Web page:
Illicit substances are a part of life, and have been all throughout history. Humans have always sought methods to manufacture pleasure outside of conventional moorings or ways of escaping the world around them for a brief time. Read on to find about the most dangerous Australian drugs streets.
Modern Australian society is no exception. It’s estimated that over 3 million Aussies use illicit substances every year, with over 40% of people admitting that they’ve used drugs at least once in their lifetime.
So, if drug consumption is so prevalent, what’s the most dangerous? Are some more harmful than others? The Australian Drugs Harm Ranking Study was published by the Journal of Psychopharmacology in 2019, ranking 22 different illicit substances based on the propensity for harm. The 16 criteria covered a range of subjects, including:
- Harm to individuals through illness, injury, and death
- Harm to others through violence, crime, and relationship breakdowns
- Societal harm through unemployment and rising economic costs
This list will cover the dangers of illicit and abused drugs, as opposed to legal substances more widely available in the community.
For example, sitting outside the definition of this list, alcohol is the most harmful legal drug in Australia today. Drinking is an intrinsic part of our cultural identity, playing a part in basically all facets of society. Over 6,000 individuals die from causes related to alcohol, including heart disease, cancer, and physical injuries.
Individuals succumbing to alcohol dependence also experience what is referred to as loss of tangibles — when a person loses their home, their job, and their family from alcohol abuse. Problem drinking is such a pervasive issue, that the risk factors extend to domestic partners and children.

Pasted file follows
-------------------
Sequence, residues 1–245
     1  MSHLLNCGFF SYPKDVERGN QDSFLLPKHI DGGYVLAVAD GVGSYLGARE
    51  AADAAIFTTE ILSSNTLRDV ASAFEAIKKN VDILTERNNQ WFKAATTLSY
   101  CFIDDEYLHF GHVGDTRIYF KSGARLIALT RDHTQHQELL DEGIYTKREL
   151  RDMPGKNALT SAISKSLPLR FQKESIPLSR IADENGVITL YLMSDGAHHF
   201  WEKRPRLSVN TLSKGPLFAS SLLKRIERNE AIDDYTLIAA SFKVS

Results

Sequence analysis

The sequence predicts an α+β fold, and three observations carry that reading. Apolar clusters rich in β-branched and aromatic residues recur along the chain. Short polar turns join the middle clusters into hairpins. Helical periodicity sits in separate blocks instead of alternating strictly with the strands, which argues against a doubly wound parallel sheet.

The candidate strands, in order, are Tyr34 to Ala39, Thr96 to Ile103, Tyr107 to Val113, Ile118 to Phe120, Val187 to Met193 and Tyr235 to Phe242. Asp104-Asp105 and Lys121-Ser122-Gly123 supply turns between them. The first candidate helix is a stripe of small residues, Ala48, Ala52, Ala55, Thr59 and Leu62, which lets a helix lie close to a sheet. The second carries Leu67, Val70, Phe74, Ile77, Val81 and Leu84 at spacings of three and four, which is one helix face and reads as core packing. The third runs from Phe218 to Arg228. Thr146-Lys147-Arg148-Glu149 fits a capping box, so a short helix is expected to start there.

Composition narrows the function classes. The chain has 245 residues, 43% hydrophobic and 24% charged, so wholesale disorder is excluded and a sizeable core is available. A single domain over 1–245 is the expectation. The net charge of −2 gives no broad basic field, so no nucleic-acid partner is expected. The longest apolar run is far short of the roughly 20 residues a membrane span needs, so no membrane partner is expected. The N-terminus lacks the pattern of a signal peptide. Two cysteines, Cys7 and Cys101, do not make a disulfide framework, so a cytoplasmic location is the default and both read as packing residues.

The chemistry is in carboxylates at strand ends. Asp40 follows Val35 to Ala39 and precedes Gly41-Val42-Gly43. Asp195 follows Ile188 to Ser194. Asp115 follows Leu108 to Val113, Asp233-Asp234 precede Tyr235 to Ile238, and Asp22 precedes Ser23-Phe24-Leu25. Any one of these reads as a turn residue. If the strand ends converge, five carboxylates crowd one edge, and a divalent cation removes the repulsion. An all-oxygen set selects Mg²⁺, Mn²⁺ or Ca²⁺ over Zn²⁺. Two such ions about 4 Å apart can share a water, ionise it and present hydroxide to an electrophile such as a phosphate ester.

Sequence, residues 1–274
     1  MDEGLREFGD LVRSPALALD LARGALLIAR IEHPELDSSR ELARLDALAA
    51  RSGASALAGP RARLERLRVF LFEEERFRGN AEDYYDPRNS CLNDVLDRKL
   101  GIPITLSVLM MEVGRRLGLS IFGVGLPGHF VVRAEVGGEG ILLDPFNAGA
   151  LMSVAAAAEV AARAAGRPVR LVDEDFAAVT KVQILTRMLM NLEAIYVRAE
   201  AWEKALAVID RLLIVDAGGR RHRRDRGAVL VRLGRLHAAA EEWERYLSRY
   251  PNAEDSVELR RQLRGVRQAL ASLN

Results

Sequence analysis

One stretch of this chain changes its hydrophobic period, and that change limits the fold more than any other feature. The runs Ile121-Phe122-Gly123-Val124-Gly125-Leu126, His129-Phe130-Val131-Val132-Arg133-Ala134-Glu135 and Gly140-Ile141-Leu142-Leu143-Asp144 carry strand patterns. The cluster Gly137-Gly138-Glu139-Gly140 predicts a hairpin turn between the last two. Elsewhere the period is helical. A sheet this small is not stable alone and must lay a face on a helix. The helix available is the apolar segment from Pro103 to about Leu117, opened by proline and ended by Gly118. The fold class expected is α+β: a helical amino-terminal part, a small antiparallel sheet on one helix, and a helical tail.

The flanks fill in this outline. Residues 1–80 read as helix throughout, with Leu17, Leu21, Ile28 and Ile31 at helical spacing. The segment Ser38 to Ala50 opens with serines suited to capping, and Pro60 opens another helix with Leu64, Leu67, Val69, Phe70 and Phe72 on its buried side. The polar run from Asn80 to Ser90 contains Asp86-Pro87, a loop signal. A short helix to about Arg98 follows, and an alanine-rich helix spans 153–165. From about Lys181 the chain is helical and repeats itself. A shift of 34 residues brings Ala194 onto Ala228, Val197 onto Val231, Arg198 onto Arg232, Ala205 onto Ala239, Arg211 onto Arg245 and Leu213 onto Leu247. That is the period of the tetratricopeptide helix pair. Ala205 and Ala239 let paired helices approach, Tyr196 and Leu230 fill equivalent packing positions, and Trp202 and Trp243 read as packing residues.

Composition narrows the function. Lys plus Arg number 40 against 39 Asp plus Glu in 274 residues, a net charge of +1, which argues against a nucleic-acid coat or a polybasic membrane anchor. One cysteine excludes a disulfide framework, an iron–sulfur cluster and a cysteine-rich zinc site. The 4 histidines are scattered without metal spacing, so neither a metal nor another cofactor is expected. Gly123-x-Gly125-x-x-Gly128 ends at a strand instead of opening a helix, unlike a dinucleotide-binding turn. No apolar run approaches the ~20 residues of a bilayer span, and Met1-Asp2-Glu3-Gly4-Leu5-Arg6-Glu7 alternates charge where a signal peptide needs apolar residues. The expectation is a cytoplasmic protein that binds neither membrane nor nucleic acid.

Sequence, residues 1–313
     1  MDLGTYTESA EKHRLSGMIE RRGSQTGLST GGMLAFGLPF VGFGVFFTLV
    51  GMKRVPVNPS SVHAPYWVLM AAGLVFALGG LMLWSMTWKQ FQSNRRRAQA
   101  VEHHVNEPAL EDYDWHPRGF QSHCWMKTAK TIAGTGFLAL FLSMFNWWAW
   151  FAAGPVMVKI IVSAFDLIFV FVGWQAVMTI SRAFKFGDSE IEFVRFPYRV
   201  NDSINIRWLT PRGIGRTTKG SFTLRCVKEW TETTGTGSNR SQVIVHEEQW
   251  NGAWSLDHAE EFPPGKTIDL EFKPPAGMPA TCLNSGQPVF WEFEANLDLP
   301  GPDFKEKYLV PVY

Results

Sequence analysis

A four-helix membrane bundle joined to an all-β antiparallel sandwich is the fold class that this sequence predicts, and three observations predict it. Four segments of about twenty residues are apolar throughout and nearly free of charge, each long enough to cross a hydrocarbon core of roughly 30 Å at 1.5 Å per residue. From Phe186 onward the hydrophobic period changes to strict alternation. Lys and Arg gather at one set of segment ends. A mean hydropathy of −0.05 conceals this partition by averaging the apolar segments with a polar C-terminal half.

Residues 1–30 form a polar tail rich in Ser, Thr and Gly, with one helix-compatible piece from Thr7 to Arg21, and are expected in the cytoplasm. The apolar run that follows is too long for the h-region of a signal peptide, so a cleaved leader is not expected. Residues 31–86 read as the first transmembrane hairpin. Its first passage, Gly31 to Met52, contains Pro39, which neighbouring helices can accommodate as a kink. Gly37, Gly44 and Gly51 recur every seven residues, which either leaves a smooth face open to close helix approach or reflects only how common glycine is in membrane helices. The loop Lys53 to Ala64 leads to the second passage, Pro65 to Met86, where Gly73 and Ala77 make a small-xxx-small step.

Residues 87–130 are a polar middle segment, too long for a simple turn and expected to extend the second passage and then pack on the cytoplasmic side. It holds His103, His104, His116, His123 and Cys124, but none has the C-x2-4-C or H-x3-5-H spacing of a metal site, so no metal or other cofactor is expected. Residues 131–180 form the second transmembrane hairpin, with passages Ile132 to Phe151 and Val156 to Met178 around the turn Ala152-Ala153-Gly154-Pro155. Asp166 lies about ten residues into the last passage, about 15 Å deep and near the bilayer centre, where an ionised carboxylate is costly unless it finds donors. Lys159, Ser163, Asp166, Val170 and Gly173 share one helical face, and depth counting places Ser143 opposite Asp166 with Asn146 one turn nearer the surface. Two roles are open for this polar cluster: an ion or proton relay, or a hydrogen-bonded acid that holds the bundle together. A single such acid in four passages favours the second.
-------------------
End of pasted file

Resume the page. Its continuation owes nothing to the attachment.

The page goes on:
The worst illicit substance in Australia today is none other than crystal methamphetamine, otherwise known as ice. The inherently addictive and destructive nature of meth costs the Australia public around $5 billion a year — a figure set to rise as ice addiction rates increase.
Illicit opioids, like heroin, come in at third place. Heroin is incredibly addictive, and has the potential to force negative, permanent changes upon an addict. Homelessness, crime, and violence are just some of the examples. Legal, medically-disseminated opioids like fentanyl, oxycodone, and morphine, are widely accessible in the community, priming them for abuse and misuse.
Like legal opioids, prescription benzodiazepines like Xanax and Valium have a high proneness for addiction and abuse. Users often admit to using more and more benzodiazepines to reach the desired effect as their tolerance increases. When coupled with alcohol, they are especially dangerous, and can lead to coma and death.
Cannabis, synthetic cannabis, and tobacco are illegal and controlled substances that are usually consumed via combustion and inhalation, otherwise known as smoking. These Australian drugs pose less societal risks than other substances. However, they pose greater health risks to users, including higher rates of cancer and cardiovascular problems.
It does not matter what substance is being consumed — if it is excessive, or outside the boundaries of the law, it is abuse. Consequences for individuals are just as serious as the societal impact of the substance. Fortunately, there are options to help treat drug abuse and addiction.
Users seeking to be free of society’s most harmful substances can access addiction treatment options as an inpatient or an outpatient. These medically-supervised facilities allow users to find independence and freedom from addiction in a safe and supportive environment.
All drugs, from ice to alcohol, have the ability to negatively impact the lives of addicts and those around them. If you or someone you know is suffering from addiction, there is help out there.